It’s Bowel Cancer Awareness Month in June, and the latest stats reveal bowel cancer (symptoms of which include gas, a change in bowel habits, bleeding and in some cases, anaemia) has started affecting young women, just like you.
The numbers: by the year 2020, the incidence among those aged 20 to 34 is predicted to increase by 37 per cent, according to a 2014 report by University of Texas MD Anderson Cancer Center. By 2030? Up to 90 per cent. The outlook is similarly grim for those aged 35 to 49.
RELATED: The Symptoms Of Colon Cancer Every Young Woman Should Know
In Australia, while the percentage of bowel cancer cases in under-50s is recorded at seven per cent, experts believe the proportion is higher.
“Recent US figures revealed about 15 per cent of people who get bowel cancer in Australia are under 50, according to Graham Newstead, a colorectal surgeon and director of Bowel Cancer Australia. “Our new figures are due in a couple of years and I think they’ll be similar.”
According to Dr Felice Schnoll-Sussman, director of the Jay Monahan Center for Gastrointestinal Health, says you should get to know your bowel habits, and speak to your GP if you have any concerns. There are three things in particular you should look out for – here are the comparisons of ‘probably ok’ situations and ‘probably not’ ok…
Bright-red blood in the toilet bowl or on your paper post-pooping. It could indicate a small anal tear or a typically harmless haemorrhoid.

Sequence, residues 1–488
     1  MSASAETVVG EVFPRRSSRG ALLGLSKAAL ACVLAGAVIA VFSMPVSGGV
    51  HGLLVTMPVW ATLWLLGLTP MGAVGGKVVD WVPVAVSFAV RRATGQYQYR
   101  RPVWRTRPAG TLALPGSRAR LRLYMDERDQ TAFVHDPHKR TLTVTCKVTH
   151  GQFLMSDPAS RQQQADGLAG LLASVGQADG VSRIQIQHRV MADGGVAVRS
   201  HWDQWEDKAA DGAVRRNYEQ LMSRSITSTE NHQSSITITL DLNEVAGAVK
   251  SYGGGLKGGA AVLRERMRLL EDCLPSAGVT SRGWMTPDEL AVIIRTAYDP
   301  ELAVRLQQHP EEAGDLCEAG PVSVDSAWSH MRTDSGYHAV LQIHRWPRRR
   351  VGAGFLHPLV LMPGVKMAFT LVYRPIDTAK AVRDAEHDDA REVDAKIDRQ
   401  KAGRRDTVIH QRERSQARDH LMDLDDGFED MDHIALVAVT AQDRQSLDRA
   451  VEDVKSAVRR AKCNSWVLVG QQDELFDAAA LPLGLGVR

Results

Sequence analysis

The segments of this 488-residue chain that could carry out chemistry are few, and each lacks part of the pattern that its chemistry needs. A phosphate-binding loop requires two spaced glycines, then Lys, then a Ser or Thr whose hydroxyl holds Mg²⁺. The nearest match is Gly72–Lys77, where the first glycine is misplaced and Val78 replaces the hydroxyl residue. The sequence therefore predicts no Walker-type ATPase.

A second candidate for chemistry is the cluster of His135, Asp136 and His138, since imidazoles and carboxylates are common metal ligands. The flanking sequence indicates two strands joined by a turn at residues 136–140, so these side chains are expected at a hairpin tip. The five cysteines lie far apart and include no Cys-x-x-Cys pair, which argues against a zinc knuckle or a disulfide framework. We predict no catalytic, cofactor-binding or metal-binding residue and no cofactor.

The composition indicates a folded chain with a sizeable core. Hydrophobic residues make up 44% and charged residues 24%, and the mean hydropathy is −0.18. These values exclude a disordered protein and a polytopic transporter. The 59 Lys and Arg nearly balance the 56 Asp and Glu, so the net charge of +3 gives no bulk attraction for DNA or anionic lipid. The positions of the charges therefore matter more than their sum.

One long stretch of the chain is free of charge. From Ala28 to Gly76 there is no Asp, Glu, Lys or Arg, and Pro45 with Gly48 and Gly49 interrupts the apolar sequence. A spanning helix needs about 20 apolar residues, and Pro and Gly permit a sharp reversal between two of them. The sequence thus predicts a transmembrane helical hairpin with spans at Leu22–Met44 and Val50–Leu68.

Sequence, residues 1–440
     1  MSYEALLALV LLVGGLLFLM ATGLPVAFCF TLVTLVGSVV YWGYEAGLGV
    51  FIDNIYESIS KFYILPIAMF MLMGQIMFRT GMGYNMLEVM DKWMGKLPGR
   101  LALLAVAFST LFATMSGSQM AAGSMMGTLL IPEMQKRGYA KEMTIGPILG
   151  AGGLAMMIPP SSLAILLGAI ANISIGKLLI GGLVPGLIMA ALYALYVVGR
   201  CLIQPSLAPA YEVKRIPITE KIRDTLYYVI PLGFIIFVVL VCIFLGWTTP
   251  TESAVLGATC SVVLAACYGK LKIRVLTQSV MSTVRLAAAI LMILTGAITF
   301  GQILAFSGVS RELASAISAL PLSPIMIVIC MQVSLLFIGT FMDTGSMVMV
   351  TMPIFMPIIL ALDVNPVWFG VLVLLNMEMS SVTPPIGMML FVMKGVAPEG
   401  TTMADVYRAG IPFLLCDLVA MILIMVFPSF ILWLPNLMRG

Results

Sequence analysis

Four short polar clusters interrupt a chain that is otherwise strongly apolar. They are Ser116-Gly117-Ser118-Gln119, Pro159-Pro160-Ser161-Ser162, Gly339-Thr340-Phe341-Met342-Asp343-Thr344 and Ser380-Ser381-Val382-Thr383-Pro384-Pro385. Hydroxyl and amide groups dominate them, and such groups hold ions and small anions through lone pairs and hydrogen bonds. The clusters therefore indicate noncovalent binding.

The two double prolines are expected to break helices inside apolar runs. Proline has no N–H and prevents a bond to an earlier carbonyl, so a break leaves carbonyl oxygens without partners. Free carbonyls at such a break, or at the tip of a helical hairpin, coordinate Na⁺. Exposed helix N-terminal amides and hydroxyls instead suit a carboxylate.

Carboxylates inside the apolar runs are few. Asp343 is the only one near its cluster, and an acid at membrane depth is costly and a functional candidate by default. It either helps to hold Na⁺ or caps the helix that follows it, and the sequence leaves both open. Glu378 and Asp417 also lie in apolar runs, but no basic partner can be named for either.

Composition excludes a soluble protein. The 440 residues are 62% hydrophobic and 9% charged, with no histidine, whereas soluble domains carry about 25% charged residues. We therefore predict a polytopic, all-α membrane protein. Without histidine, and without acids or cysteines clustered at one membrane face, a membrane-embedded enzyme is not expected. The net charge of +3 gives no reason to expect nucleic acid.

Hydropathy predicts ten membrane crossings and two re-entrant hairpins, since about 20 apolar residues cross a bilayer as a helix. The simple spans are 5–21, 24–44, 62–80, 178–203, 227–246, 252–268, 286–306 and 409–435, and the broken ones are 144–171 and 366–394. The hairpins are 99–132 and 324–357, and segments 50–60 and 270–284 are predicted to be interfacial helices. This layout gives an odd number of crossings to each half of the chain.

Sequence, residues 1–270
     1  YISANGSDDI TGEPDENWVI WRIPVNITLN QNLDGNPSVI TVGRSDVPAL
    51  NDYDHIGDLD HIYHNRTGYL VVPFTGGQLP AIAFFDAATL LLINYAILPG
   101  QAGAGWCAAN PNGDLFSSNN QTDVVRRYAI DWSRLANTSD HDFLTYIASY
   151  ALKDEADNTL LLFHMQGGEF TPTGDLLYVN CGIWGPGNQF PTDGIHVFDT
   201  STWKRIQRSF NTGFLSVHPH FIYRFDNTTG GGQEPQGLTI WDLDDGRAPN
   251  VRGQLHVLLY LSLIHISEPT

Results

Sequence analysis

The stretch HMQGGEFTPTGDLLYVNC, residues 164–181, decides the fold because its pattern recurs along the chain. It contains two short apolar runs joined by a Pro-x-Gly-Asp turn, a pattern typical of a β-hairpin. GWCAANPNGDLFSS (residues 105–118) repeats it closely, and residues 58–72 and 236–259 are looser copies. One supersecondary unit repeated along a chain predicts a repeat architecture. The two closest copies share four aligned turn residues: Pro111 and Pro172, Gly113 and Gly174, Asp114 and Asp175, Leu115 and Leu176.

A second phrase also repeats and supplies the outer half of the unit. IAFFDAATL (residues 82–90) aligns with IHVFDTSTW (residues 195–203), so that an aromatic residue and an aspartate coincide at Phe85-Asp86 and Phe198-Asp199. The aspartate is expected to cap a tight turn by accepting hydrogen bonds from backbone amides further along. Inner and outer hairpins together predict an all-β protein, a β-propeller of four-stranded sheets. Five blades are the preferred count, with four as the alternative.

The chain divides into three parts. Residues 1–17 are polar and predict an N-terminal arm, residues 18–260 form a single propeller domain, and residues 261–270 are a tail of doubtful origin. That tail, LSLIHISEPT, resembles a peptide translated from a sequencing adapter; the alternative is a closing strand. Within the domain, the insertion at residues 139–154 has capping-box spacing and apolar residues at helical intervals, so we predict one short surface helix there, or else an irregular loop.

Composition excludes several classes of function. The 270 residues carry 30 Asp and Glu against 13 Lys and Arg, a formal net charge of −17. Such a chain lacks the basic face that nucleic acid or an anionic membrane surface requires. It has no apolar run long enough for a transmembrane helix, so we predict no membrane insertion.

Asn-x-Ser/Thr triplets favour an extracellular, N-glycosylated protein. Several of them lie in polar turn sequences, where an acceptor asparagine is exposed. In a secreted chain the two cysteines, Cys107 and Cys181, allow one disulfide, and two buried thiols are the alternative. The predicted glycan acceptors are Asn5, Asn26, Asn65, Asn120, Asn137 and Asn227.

Darker blood (think maroon or almost black) that’s intertwined with stool might signal colon bleeding.
A stretch (even a week or two) of constipation or straining. Yes, we mean pushing like a pro with little to show for it. Hint: you might be dehydrated.
Out-of-nowhere prolonged constipation (more than a month), together with narrow or thin, pencil-like stools, which could mean a roadblock in the colon.
Cramping or bloating that makes it hard to button your jeans.
Daily pain fierce enough to interrupt your sleep or force you to change your routine. See your GP, stat. Can’t get an appointment? Enter your location into Healthengine.com.au – it shows available slots at nearby practices, then lets you book.
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Nutrition is also very important in preventing bowel cancer, here’s what you should try and power up your plate with…
– Dairy: Both calcium and vitamin D – especially when eaten together – may help fight bowel cancer
– Less red meat: Scale down to around 500g per week (about three lunches’ or dinners’ worth), and skip processed meats.
– Spice: Specifically curcumin, an active ingredient in turmeric. Research shows it might prevent or slow the growth of malignancies.
– Produce: Especially artichokes, apples and pears, which are rich in gut-protective fibre. Studies tie high fruit and vegie intake to reduced bowel cancer risk. Make them half your meal.
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